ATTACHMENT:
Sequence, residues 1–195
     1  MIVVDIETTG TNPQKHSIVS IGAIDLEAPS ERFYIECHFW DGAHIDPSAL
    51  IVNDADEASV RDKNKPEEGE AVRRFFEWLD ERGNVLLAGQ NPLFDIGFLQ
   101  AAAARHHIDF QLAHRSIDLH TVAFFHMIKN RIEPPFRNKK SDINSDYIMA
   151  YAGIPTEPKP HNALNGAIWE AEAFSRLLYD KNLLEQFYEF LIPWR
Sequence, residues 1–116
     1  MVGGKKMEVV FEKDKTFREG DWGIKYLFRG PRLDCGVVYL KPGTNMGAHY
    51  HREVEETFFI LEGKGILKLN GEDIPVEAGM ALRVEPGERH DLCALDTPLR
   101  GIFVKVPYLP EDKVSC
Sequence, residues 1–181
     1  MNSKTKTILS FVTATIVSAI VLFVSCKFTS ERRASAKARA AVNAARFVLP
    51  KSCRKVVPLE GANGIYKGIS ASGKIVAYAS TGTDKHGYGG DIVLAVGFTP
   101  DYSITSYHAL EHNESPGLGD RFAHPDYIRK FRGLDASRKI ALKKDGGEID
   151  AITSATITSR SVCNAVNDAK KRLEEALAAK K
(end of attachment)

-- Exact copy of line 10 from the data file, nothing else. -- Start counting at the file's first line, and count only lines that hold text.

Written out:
Sequence, residues 1–181